Britain's first ever black studies course will begin in September 2017 at Birmingham University. Kehinde Andrews writing in the Guardian says that the fact that this has never been done before "demonstrates the crisis at the heart of British academia." Out of 18,510 UK University professors only 85 are black. "Any approach rooted in the experience of black populations will quickly realise the serious issues of discrimination and exclusion faced across the globe." Read more...
'Voices of Black People' is a new play by Khareem Jamal telling the stories of David Walker, Harriet Tubman and Joseph Boulogne, three characters in the African Diaspora during the period of slavery and imperial exploitation.
How did the sacrifice of these individuals alter the landscape at the time and change the future, which is now our present?
These stories will inspire young people about the possibilities of achievement, and the realisation that your circumstances do not have to determine your outcome.
The play is being performed at The Culture Space, Canada Water, Bermondsey, London, from October 6-9 and Lee Testament Church of God on October 22. Further dates to be announced.
For more information or to enquire about bringing the play to your area, download a leaflet.
Afro Supa® Hero is a new exhibition at the International Slavery Museum in Liverpool celebrating the importance of role models and icons. It provides a snapshot of Jon Daniel’s personal journey of self discovery, through his collection of pop cultural heroes and heroines of the African diaspora. Entry is free and the exhibition in running until December 11.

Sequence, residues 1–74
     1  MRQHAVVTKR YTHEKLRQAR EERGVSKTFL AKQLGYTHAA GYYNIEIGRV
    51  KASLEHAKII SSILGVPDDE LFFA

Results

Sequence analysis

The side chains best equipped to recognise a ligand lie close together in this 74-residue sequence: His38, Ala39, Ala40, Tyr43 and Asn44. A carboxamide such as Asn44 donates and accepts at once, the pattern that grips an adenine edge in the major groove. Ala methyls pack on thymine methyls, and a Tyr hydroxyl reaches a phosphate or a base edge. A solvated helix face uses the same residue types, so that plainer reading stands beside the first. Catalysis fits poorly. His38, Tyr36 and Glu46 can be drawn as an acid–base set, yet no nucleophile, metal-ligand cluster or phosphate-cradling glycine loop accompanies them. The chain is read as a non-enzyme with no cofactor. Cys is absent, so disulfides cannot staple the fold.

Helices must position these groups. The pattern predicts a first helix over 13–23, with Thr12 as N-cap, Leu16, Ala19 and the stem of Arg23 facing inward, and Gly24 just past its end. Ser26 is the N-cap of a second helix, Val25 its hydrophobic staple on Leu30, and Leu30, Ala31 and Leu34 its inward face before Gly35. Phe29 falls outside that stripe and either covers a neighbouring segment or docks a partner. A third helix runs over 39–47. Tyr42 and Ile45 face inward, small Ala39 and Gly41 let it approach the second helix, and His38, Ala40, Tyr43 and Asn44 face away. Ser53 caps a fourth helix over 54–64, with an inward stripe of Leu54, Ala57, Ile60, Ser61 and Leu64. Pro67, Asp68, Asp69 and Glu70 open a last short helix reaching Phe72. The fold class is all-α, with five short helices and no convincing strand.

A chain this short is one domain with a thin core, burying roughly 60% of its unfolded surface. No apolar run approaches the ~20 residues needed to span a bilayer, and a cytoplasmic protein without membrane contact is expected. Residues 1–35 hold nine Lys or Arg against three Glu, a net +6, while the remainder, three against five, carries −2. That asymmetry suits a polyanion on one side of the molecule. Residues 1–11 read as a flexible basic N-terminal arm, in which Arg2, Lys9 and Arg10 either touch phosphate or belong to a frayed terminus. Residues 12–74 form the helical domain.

Jon Daniels grew up in South West London in the 1960s and 1970s. Looking back at his childhood he sees himself as a typical British-born, first generation child of West Indian parents – a young boy trying to find his place within a culture he couldn’t always relate to. In his late 20s he began collecting comics, games, action figures and memorabilia featuring positive Black role models of history and fiction, feeling that they most strongly embodied the era of his childhood and his search for identity.
Who is your hero? Is she strong? Is he kind? Are they brave? A hero can do and be many amazing things, even without super powers. This exhibition highlights the importance of Black heroes and role models within society and their ability to have a positive impact on the lives and aspirations of us all. More...
Congratulations from MJR to the makers of 'Britain's Forgotten Slave Owners' for winning the Specialist Factual award at this year's BAFTAs. This 2-part series, shown last summer on BBC 2, was based on research by University College London on the records of compensation payments made to slave owners by the British Government in 1834, out of a then-record pot of £20million. The slaves got nothing.
Expect a repeat of the programmes soon - well worth watching for an insight into a legacy issue still visible all around us in what that money bought (and watch out for an announcement soon from MJR of an event linked to BFSO).
A lot of attention has been rightly focused on the new mayor of London being a Muslim, However, in Bristol, a city whose growth owes so much to the slave trade, Marvin Rees, the working-class son of an English mother and Jamaican father, has made history as the first directly elected city mayor in Europe of African or Caribbean heritage. Read more from this article in the Guardian.
MJR is running a short weekend course entitled: 'Free to Forgive: Justice, Reconciliation and the Legacy of Slavery' in Manchester on June 24-25. It will be hosted by the Moss Lane East Church of God of Prophecy in Moss Side. The course is designed to increase our understanding of how modern society has been affected by the legacy of oppression left by colonial slavery and industrial exploitation, and how as Christians we should handle that knowledge in the light of Christ’s work of redemption on the cross.
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